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JULY 22, 1987




The defendant, appellant here, Larry Shelton Hentz, whose trips to the courthouse have been more numerous than the average attorney, was convicted in the Circuit Court of Desoto County for subornation of perjury as an habitual offender as defined by 99-19-83, Mississippi Code Annotated (1972). Since one of his prior convictions was for a crime of violence, the circuit judge sentenced him to a life sentence without hope of parole or probation.

Our dislike for those who are habitually in trouble and who show no respect for the law nor their fellow man cannot deter the Court from adherence to constitutional provisions, both state and federal. We cannot write separate laws for Larry Shelton Hentz or any other whose prime endeavors in life appear to be a dedication to crime.

 The charging part of the indictment reads as follows:

 . . . did unlawfully, wilfully, feloniously corruptly procure John Tailor Gullett, III to commit wilful and corrupt perjury in the cause of State of Mississippi vs. Owen Lee Harden, in the Circuit Court of Desoto County, Mississippi, Cause No. 4038, the said John Tailor Gullett, III having been legally sowrn [sic] by the proper official and directly examined by the Attorney for Owen Lee Harden and cross-examined by the Assistant District Attorney, and that the testimony of John Tailor Gullett, III was

 material to the issue in the trial of State v. Harden, in direct violation of 97-9-63, Mississippi Code of 1972 Annotated, as amended;

 Following the above is a recitation of prior convictions running from 1976 through 1983. Significantly, since 1983 the defendant has been incarcerated in the Mississippi State Penitentiary following a plea of guilty to murder. The indictment alleges the term of the sentences but does not state as set forth in 99-19-83, supra, that separate terms of one year or more have been served in any state or federal penal institution.

 The language of the indictment requires reversal. Section 97-9-59, Mississippi Code Annotated (1972) defines perjury. Section 97-9-63 entitled, "Perjury - Subornation of" makes unlawful the procuring of a witness to commit perjury. Therefore, logic dictates that the indictment for subornation of perjury include essentially the same language as an indictment for perjury, i.e. the indictment must state the circumstances of the issue or the point of inquiry in which the perjury was committed. The simple statement in the indictment here that the defendant procured Gullett to perjure himself in the case of State v. Harden is not sufficient. State v. Silberberg, 78 Miss. 858, 29 So. 761 (1901).

 We are told that we should disregard Silberberg, supra and its progeny Chenault v. State, 154 Miss. 21, 122 So. 98 (1929) because they are old. We think that these cases properly interpret 26 of the Mississippi Constitution, where it is stated that the accused has the right "to demand the nature and the cause of the accusation" and do not agree that Rule 2.05, Uniform Criminal Rules, Circuit Court Practice and the rules of discovery have in any manner altered significantly what was heretofore recognized as a constitutional requirement in drafting an indictment. We do not construe Harbin v. State, 478 So.2d 796 (Miss. 1985) to be to the contrary. In Harbin, supra, a reader can tell from a reading of the indictment as a whole that there was fair notice to the accused of that with which he was charged. Here, Hentz is not notified of the exact language of the testimony of Gullett that is false. It is necessary under Silberberg and Chenault, supra, that the alleged false testimony be included in the indictment or at least made an exhibit thereto and incorporated therein.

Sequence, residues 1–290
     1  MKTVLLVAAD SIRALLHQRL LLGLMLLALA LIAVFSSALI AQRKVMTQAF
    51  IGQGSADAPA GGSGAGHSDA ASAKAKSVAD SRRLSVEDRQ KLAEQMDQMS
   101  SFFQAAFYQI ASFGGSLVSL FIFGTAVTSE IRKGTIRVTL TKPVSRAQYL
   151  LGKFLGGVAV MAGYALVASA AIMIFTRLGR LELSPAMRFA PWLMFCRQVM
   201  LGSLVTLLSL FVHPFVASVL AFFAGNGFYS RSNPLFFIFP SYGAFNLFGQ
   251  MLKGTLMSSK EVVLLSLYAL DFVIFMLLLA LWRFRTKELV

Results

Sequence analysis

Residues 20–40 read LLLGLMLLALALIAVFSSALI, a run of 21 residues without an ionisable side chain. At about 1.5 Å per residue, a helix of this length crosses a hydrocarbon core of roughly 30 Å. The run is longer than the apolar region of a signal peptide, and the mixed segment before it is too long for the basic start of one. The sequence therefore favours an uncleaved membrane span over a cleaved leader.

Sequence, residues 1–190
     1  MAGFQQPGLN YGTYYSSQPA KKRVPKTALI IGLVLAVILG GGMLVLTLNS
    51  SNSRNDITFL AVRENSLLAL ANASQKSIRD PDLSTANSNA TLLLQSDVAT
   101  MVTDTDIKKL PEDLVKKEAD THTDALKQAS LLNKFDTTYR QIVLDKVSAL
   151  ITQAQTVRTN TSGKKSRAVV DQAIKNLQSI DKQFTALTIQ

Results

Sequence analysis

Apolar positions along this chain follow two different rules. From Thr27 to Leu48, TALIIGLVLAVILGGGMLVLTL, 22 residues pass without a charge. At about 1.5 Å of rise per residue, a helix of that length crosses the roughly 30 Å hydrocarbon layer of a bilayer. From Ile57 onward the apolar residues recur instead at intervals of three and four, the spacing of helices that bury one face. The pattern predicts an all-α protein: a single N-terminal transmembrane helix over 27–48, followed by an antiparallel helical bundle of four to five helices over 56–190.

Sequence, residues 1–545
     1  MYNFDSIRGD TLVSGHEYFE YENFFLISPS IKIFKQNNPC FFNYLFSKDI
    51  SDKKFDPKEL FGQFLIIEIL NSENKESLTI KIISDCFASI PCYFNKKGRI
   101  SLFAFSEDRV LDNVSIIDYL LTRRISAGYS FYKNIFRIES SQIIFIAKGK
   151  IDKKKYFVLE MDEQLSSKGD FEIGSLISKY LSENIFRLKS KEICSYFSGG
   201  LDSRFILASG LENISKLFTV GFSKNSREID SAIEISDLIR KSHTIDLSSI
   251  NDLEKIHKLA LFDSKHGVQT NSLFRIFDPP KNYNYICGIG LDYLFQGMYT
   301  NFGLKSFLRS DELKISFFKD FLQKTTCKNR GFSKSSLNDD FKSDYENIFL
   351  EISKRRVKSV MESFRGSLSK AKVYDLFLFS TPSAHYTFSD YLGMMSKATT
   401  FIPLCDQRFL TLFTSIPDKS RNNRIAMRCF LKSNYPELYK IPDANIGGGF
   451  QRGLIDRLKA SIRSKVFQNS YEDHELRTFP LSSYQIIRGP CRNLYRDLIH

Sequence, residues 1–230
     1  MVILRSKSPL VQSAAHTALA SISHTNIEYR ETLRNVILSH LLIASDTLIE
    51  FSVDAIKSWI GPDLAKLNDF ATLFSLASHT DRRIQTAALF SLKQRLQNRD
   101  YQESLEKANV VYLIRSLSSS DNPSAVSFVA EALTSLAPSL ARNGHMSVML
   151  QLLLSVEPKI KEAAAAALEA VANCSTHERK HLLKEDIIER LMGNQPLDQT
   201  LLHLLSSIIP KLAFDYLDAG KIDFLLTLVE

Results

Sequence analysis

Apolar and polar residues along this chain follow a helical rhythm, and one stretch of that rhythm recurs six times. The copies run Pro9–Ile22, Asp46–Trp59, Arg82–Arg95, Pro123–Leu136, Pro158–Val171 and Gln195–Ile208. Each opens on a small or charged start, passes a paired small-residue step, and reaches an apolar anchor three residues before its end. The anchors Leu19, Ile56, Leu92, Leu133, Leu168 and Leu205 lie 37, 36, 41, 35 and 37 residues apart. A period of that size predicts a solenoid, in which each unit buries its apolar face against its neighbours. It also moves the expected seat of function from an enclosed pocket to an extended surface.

As the Court stated in Chenault, "an indictment for perjury is one of the most difficult indictments to

 draw and the requirements are statutory as to the essential parts of the indictment." What we are telling the prosecutors here is that the indictment in this case must of necessity be lengthy. The evidence in this case reveals, as believed by a jury, that this defendant engaged in a design to obstruct justice by the procurement of false testimony and should be prosecuted and punished therefor. Nevertheless, it is essential that the prosecutors be patient and studious in drafting indictments of this type to the end that honest jurors will not have their verdicts contaminated by falsehoods as allegedly occurred in the Harden trial. In Silberberg, supra, we find the following:

 The indictment should have set out the substance of the issue involved in the (trial at which the alleged perjury occurred). The point of inquiry should have been stated. "The proceeding should be identified by charging the legal name, as for example, that it was a trial for murder or an action of ejectment; and the matter in issue must be averred with sufficient clearness to inform the person accused of perjury of the exact nature of the charge against him."

 Here the indictment does not state the name of the crime. To have stated that the crime charged against Harden was that of murder would have made explicitly clear the materiality of the testimony of Gullett wherein he stated that another told him that he and not Harden killed the deceased. The indictment should allege what facts constitute the truth.

 This is necessary as well as an allegation of the falsity of the testimony. Chenault paraphrasing from ...

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